Photo: Queens College
The world’s largest history prize, the Dan David is sometimes described as the Nobel for history. It recognizes outstanding scholarship that illuminates the past and seeks to anchor public discourse in a deeper understanding of history. A committee of eminent scholars in the historical fields assessed hundreds of nominations from around the world as part of a rigorous process to select the winners, who will each receive $300,000 to recognize their achievements to date and support their future work.
“It is deeply gratifying to see Professor Kristina Richardson’s work recognized with the top academic history prize,” says Queens College President Frank H. Wu. “It is external validation of what we have long known at Queens College—that our students are learning from world-class faculty.”
Richardson studies the medieval Islamic world and the Roma. Her investigation of Arabic manuscripts highlights the importance of understanding the lives of non-elites and marginalized groups when seeking to gain a complete view of a society as a whole.
“I feel exceptionally lucky to have top historians recognize my work in this way,” says Richardson. “And I am grateful for the support of CUNY along the way, as I’ve built my career.”
Richardson’s research is based on the writings and material production of non-elites in the medieval Middle East. She has analyzed the intellectual networks of medieval disabled writers, explored the degraded position of blue- and green-eyed people in early Islamic societies, identified the only known pre-modern Arabic sign alphabet, and co-published a study and edition of the earliest known notebook of an artisan or merchant written in Arabic.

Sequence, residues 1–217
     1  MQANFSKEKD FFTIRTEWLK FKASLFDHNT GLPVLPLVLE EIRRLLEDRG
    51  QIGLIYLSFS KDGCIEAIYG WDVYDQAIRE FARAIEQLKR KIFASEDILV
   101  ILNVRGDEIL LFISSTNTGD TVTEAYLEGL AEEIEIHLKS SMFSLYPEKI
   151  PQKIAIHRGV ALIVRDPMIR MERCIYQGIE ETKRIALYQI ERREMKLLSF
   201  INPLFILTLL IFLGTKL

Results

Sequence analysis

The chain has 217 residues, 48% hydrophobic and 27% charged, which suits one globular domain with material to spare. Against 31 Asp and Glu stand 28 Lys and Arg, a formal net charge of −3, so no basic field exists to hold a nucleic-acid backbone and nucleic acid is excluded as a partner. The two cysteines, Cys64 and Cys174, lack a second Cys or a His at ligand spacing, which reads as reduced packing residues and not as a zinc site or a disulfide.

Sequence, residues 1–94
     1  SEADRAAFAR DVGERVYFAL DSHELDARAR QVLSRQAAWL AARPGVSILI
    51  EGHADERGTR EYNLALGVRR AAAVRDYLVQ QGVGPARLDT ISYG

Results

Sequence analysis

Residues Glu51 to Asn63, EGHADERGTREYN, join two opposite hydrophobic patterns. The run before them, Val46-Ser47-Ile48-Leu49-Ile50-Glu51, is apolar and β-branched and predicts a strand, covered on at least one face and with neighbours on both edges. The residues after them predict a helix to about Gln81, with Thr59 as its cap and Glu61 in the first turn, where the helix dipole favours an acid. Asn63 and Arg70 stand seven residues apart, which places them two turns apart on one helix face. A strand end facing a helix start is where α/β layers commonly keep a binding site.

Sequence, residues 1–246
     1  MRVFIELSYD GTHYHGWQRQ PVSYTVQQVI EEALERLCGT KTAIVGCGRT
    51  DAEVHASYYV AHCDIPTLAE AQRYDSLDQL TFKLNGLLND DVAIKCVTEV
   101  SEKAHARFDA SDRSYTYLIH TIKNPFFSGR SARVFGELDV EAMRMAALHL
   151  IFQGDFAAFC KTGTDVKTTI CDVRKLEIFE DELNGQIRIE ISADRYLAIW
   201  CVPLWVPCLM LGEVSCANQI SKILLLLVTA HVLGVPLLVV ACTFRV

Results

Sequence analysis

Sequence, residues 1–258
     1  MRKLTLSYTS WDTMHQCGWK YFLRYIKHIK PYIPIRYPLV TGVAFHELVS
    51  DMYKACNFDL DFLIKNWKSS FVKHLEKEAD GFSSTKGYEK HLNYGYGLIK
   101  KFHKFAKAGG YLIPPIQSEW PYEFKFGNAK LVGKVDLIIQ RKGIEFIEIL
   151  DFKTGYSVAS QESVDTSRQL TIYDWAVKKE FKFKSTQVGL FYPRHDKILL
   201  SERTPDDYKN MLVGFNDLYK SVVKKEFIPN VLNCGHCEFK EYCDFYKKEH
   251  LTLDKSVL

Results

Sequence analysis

She has focused her study on the disabled and the Roma and she is currently writing a book about free and unfree African and Asian manual laborers in early Islamic Basra, Iraq.
Her findings force a radically new understanding of European modernity and the place of linguistic and ethnic minorities in its formation. Her research into Romani contributions to late medieval/early modern European society provide much needed context for modern appreciation of the long history of Roma in Europe.
Richardson is the author of Difference and Disability in the Medieval Islamic World (2012), Roma in the Medieval Islamic World: Literacy, Culture, and Migration (2022) and co-author with Boris Liebrenz of The Notebook of Kemāl al-Dīn the Weaver (2021). She is also the co-editor of the journal Der Islam.
Richardson earned a BA in history and certificate in Near Eastern Studies at Princeton University and later received a master’s degree and a PhD at the University of Michigan. Her work has been supported by the National Endowment of the Humanities, European Research Council, Marie Curie Foundation, Mellon Foundation, ArtSTOR, and the City University of New York.
Visit Queen’s College homepage here.